Critical events can include a user account being deleted or disabled, a user password is changed or reset, or multifactor authentication is enabled for a user. There also are other events, such as when an administrator explicitly revokes all refresh tokens for a user or a rogue insider is detected by Azure AD Identity Protection.

Finally, for workload identities, CAE enforces token revocation for workloads, among other things, according to Microsoft. ®

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EU proposes new liability rules around AI tech to protect consumers

Voice Of EU



The current EU rules around product liability are more than 40 years old, meaning they do not cover harm caused by drones and other AI tech.

The European Commission has outlined a set of new proposals to enable people who are harmed by AI tech products to seek and receive compensation.

The proposals were published today (28 September). They are designed to comply with the EU’s 2021 AI Act proposal, which set out a framework for trust in AI-related technology.

Today’s AI Liability Directive aims to provide a clear and comprehensive structure for all Europeans to claim compensation in the event they are harmed by AI tech products, such as drones and robots.

The EU’s directive includes rules for businesses and consumers alike to abide by. Those who are harmed by AI products or tech can seek compensation just as they would if they were in harmed any other way.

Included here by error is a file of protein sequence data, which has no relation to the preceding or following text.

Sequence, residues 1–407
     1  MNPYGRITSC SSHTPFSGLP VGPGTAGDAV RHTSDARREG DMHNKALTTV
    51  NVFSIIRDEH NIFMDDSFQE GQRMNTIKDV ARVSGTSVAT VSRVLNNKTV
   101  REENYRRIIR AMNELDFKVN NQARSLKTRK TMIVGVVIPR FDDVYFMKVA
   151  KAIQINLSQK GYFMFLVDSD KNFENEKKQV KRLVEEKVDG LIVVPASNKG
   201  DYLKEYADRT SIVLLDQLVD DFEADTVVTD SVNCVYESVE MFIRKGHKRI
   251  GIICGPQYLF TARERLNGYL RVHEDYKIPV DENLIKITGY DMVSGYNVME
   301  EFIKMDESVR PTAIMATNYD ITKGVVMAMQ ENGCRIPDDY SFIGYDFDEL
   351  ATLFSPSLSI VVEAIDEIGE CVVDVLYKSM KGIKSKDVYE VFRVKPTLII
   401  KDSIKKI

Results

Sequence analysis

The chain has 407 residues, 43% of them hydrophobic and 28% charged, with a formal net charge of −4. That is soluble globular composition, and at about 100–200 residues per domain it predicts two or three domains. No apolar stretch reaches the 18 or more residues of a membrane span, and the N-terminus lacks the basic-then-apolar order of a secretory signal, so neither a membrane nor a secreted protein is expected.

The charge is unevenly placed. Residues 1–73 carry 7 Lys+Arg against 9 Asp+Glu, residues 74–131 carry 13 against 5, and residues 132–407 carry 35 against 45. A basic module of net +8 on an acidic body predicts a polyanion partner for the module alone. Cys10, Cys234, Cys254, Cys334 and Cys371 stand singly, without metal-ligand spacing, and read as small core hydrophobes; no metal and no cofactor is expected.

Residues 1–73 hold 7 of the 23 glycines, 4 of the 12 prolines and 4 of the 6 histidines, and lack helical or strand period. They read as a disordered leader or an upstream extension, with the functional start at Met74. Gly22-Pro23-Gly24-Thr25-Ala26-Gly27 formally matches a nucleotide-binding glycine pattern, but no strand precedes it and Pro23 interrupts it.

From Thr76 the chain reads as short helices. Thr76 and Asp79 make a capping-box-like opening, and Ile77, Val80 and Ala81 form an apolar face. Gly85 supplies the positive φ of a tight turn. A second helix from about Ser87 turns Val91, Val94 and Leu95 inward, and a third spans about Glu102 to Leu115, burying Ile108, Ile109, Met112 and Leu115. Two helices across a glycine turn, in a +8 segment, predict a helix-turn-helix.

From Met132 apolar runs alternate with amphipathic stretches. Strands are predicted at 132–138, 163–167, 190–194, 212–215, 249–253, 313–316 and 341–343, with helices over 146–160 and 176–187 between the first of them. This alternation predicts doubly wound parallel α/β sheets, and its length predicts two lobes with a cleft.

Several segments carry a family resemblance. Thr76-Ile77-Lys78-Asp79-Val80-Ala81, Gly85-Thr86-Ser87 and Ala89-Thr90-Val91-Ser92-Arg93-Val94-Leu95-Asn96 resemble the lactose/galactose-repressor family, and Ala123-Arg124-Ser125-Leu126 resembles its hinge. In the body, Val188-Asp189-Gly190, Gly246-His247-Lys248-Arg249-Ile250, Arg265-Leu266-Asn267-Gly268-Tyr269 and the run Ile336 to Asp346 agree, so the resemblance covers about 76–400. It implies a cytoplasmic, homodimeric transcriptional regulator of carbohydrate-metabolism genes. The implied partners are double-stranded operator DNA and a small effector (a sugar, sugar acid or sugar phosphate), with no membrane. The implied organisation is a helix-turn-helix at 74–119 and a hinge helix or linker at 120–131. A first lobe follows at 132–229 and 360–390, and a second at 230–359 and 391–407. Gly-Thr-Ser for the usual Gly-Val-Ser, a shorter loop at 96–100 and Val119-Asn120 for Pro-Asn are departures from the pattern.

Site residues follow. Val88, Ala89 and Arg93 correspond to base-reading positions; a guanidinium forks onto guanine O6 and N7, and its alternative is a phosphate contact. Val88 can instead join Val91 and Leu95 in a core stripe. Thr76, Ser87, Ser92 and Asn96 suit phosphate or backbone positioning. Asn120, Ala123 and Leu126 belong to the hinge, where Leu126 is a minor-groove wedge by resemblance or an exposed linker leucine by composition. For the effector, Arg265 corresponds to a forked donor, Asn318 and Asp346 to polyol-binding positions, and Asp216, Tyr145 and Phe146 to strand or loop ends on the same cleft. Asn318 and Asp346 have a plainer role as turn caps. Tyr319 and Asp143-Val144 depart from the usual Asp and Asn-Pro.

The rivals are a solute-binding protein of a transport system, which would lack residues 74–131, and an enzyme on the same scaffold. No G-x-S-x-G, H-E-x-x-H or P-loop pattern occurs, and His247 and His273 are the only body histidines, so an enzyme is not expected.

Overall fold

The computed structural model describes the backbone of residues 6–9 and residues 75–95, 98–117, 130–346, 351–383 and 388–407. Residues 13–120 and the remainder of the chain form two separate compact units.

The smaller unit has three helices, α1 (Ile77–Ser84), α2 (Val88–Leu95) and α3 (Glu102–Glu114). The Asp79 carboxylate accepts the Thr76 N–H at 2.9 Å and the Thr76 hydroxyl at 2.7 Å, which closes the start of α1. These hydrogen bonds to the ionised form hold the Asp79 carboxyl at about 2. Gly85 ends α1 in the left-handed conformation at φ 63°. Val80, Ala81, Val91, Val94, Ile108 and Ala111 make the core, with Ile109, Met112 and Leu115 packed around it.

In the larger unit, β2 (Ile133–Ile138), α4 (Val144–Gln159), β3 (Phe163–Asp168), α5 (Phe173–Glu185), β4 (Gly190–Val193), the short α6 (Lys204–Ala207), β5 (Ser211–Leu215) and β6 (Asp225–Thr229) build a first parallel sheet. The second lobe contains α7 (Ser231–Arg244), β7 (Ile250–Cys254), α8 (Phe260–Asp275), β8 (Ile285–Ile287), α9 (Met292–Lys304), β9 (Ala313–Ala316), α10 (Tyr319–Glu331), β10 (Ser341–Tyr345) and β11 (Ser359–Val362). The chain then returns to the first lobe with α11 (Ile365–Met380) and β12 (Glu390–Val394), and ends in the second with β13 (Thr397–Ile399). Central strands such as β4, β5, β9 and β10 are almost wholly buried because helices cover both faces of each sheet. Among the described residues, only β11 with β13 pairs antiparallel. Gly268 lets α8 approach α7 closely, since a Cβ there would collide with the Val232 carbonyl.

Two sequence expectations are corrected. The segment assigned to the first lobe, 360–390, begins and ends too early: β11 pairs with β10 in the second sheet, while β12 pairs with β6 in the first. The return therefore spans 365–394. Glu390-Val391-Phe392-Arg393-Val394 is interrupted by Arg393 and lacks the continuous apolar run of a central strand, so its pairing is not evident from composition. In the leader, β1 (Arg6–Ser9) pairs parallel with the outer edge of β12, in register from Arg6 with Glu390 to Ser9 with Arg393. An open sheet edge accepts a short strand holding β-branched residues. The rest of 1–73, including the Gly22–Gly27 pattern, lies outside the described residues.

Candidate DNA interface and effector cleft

The rules will make it easier for people who have been discriminated against by AI technology as part of the recruitment process, for example, to pursue legal action.

An example of harm that may be caused by tech products is data loss. Robots, drones, smart-home systems and other similar digital products must also comply with cybersecurity regulations around addressing vulnerabilities.

The directive builds on existing rules that manufacturers must follow around unsafe products ­– no matter how high or low-tech they are.

It is proposing a number of different strategies to modernise and adapt liability rules specifically for digital products. The existing rules around product liability in the EU are almost 40 years old, and do not cover advanced technologies such as AI.

European commissioner for internal market, Thierry Breton, said that the existing rules have “been a cornerstone of the internal market for four decades”.

“Today’s proposal will make it fit to respond to the challenges of the decades to come. The new rules will reflect global value chains, foster innovation and consumer trust, and provide stronger legal certainty for businesses involved in the green and digital transition.”

Vice-president for values and transparency, Věra Jourová, said that for AI tech to thrive in the EU, it is important for people to trust digital innovation.

She added that the new proposals would give customers “tools for remedies in case of damage caused by AI so that they have the same level of protection as with traditional technologies”. The rules will also “ensure legal certainty” for the EU’s internal market.

As well as consumer protection, the proposals are designed to foster innovation. They have laid down guarantees for the AI sector through the introduction of measures such as the right to fight a liability claim based on a presumption of causality.

The AI Liability Directive will need to be agreed with EU countries and lawmakers before it can become law.